Summary of Common Family Law Terms (Vol. VI)

Summary of Common Family Law Terms (Vol. VI)Summary of Common Family Law Terms (Vol. VI) – We have discussed a great deal of family law terms over the last year or so. Now it is time to take a brief timeout to look back on a some of the more noteworthy concepts.

I do this periodically because it’s not like this is everyday language. Perhaps you’ve heard of some of these terms before, but others are quite complex and not as common. Even after nearly two decades in this profession, even I have to pull out a law book once in a while.

Below is Volume VI of my summary of common family law terms.

The previous five are here as a reference.

January 2016: https://nelsonlawgrouppc.com/summary-of-common-family-law-terms/

May 2016: https://nelsonlawgrouppc.com/summary-common-family-law-terms-vol-ii/

August 2016: https://nelsonlawgrouppc.com/summary-common-family-law-terms-vol-iii/

October 2016: https://nelsonlawgrouppc.com/family-law-terms-vol-iv/

January 2017: https://nelsonlawgrouppc.com/summary-common-family-law-terms-vol-v/

Summary of Common Family Law Terms (Vol. VI)

Between those previous five vocabulary blogs, and the 20 terms I have highlighted below, you should have a solid foundation as we move deeper into more complex conversations.

Real Property

Anything that is attached to land, as well as the land itself. This includes a family home (along with any mortgage obligation), a building, unimproved tracts of land, and mineral interests.

Personal Property

If real property is defined as anything attached to land as well as the land itself, than personal property is everything else. What we’re talking about here are bank accounts (shared or individual), insurance policies, furniture, fixtures in the home, and stocks. Other types of personal property can include vehicles, boats and collectibles, antiques, books and pensions.

Estate

The net worth of a person at any point in time, alive or dead. It is the sum of a person’s assets – legal rights, interests, and entitlements to property of any kind – less all liabilities.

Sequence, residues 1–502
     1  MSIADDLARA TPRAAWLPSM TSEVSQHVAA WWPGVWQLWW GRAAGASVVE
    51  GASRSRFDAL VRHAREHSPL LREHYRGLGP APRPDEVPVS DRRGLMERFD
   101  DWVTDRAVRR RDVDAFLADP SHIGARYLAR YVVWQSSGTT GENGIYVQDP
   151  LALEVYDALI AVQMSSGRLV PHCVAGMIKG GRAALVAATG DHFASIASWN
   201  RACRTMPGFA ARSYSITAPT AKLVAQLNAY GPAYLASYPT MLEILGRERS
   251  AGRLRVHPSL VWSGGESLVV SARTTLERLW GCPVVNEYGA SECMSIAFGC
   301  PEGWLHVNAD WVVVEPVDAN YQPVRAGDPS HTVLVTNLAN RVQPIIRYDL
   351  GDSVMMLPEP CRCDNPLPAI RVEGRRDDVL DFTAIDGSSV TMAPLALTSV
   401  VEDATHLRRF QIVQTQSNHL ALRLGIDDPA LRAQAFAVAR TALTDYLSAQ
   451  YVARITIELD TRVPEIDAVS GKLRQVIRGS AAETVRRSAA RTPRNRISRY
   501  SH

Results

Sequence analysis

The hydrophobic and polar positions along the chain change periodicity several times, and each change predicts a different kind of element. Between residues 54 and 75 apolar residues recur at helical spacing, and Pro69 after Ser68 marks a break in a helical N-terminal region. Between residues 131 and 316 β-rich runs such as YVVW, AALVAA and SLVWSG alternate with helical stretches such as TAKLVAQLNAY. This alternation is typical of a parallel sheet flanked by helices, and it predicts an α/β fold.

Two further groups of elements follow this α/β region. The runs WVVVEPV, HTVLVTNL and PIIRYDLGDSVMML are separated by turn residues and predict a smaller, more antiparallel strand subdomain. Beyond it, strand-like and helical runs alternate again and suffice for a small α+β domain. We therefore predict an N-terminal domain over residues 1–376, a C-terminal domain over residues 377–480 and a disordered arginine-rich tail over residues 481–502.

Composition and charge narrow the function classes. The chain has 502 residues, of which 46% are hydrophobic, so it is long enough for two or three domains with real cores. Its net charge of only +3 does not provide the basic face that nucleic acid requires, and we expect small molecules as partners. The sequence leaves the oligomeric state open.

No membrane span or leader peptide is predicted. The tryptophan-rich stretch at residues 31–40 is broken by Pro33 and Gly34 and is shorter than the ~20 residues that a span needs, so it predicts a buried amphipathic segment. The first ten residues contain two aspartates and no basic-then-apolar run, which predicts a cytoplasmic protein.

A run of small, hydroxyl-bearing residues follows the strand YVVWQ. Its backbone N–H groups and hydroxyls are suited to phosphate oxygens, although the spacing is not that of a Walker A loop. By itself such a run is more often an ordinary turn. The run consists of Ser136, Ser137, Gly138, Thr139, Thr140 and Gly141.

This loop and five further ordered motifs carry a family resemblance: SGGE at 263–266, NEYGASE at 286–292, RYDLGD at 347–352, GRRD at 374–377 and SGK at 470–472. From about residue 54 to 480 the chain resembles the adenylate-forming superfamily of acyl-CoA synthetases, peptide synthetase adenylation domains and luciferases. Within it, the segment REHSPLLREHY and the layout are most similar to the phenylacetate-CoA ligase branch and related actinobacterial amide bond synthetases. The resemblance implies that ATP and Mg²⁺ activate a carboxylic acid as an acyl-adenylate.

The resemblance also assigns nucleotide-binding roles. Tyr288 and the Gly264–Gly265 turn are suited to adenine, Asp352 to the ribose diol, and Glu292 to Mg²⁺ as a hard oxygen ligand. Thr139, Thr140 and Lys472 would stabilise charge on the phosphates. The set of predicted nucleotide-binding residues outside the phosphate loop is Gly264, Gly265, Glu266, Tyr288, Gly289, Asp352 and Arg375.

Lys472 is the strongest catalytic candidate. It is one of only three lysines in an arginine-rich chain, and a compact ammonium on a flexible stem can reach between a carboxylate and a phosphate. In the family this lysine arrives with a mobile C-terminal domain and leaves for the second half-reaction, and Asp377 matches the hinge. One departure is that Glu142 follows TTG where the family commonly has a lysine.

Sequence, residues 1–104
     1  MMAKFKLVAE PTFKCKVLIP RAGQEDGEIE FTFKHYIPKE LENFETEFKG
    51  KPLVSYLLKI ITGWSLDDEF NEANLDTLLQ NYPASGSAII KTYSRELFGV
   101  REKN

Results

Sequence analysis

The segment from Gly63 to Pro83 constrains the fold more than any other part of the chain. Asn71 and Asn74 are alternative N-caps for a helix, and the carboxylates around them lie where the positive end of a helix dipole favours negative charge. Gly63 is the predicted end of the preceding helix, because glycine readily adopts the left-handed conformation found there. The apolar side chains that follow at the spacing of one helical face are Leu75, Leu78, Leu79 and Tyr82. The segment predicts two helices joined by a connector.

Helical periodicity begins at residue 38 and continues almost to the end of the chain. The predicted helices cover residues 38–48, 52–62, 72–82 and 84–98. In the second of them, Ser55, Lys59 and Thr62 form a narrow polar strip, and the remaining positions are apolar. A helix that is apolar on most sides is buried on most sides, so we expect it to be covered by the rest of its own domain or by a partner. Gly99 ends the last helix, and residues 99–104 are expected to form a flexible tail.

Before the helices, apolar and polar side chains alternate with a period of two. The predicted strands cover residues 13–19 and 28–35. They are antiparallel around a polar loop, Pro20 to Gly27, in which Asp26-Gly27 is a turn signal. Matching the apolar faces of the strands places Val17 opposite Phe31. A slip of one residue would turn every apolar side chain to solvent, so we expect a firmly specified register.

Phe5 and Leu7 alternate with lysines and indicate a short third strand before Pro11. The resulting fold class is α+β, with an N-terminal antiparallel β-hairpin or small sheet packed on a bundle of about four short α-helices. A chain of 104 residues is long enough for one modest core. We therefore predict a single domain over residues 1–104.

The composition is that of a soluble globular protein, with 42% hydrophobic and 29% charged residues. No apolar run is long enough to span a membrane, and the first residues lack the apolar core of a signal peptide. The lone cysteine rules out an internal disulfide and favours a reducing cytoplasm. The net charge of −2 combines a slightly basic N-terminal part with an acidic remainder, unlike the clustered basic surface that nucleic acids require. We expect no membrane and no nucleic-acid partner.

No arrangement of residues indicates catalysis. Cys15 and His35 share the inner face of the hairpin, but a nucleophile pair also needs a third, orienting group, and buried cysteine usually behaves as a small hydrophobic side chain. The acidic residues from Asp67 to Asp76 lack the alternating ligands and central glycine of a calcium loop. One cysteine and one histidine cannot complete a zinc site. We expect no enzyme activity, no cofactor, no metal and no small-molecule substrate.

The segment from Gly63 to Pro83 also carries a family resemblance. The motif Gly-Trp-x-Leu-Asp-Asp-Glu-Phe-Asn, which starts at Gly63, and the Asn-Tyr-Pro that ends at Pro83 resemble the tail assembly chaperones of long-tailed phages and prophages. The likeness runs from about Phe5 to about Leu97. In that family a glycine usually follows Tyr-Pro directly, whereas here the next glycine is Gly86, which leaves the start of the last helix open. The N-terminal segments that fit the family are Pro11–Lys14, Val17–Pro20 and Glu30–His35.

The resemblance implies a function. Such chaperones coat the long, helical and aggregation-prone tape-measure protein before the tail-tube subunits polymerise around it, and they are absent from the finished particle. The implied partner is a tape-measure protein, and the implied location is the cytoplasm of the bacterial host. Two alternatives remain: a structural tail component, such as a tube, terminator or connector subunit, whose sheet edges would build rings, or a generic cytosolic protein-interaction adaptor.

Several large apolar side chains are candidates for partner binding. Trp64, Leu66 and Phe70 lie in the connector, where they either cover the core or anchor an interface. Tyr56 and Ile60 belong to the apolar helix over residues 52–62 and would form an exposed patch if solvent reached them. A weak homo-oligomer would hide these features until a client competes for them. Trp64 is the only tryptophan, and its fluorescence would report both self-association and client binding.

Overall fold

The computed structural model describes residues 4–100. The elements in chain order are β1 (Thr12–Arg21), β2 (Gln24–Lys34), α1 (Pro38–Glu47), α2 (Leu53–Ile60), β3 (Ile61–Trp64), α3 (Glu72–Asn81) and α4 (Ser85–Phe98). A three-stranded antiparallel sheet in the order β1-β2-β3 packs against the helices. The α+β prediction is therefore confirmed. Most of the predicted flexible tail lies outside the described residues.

Fair Market Value

The price a particular piece of property will bring when it is offered for sale. Fair Market Value applies to all forms of real property (residential, commercial, and unimproved, as well as mineral interests). Some property such as cash and bank accounts are easy to put a value on because of their face value. Other forms take a little more work to calculate. This can involve using state-certified and licensed real-estate appraisers to find comparable sales.

Intrinsic Value

In the event a piece of property has no fair market value, such as household goods, clothes and other personal property, the court can use intrinsic value. This is the actual monetary value a property’s use to the owner has, excluding any sentimental considerations.

Establishing a Claim

When a spouse believes the court should be aware of any extenuating circumstances involving the division or confirmation of a particular piece of property, he or she can submit to the court any valid evidence that supports that claim.

Claim for reimbursement

This arises when one marital estate (community or separate) contributes benefits to another estate and the contributing estate wants to be reimbursed for those contributions. An example is when one spouse uses his or her own money to pay off the other spouse’s credit card debt.

Claim for fraud on the community

This is when one spouse is accused of unfairly or improperly disposing of community property. There are two types of fraud on the community: constructive fraud and actual fraud.

Assets

This is something that directly contributes to someone’s wealth, including real and personal property.

Just and Right

This refers to the fair split of community property between divorcing spouses. Unlike some states where community property is split evenly between both spouses, Texas is a community property state. Its courts must divide an estate based on what they feel is fair.

Partition in kind

The term “in kind” means that the property is divided, fairly and justly, between the spouses. Depending on the property in question, the court can award property outright to one spouse, divide the property into separate shares, or award joint ownership.

Partition by sale

The court can legally order community property – in this case, real property – be sold so that the proceeds can then be divided between spouses. Usually this happens when it is not possible to do an in-kind partition.

Encumber

By encumbering separate property, a court is placing an equitable lien on it to secure a benefit the separate property received under a reimbursement claim.

Divorce decree

A court’s final ruling and judgement order making a divorce final. A decree also spells out the terms of the divorce such as support, child custody, division of property, et cetera.

Transferor

A person who transfers ownership of something (title or property) to someone else.

Transferee

A person who receives a transfer of ownership from someone else.

Transfer of ownership

In a divorce decree, a court can order the ownership of certain property be transferred from one spouse to another to create a clear ownership change.

Financial instruments

Financial instruments are bank accounts, negotiable notes and annuities.

Securities

Securities are tradable financial assets such as stocks, bonds, debentures, derivatives, banknotes, certificate of interest, money market, government bonds, and CDs.

Replacement cost

The cost it would take to replace a piece of property.

Please keep this list handy for your easy reference. If you would like us to discuss a particular family law topic in these blogs, please contact our Nelson Law Group, PC office to let us know. We would love to hear from you.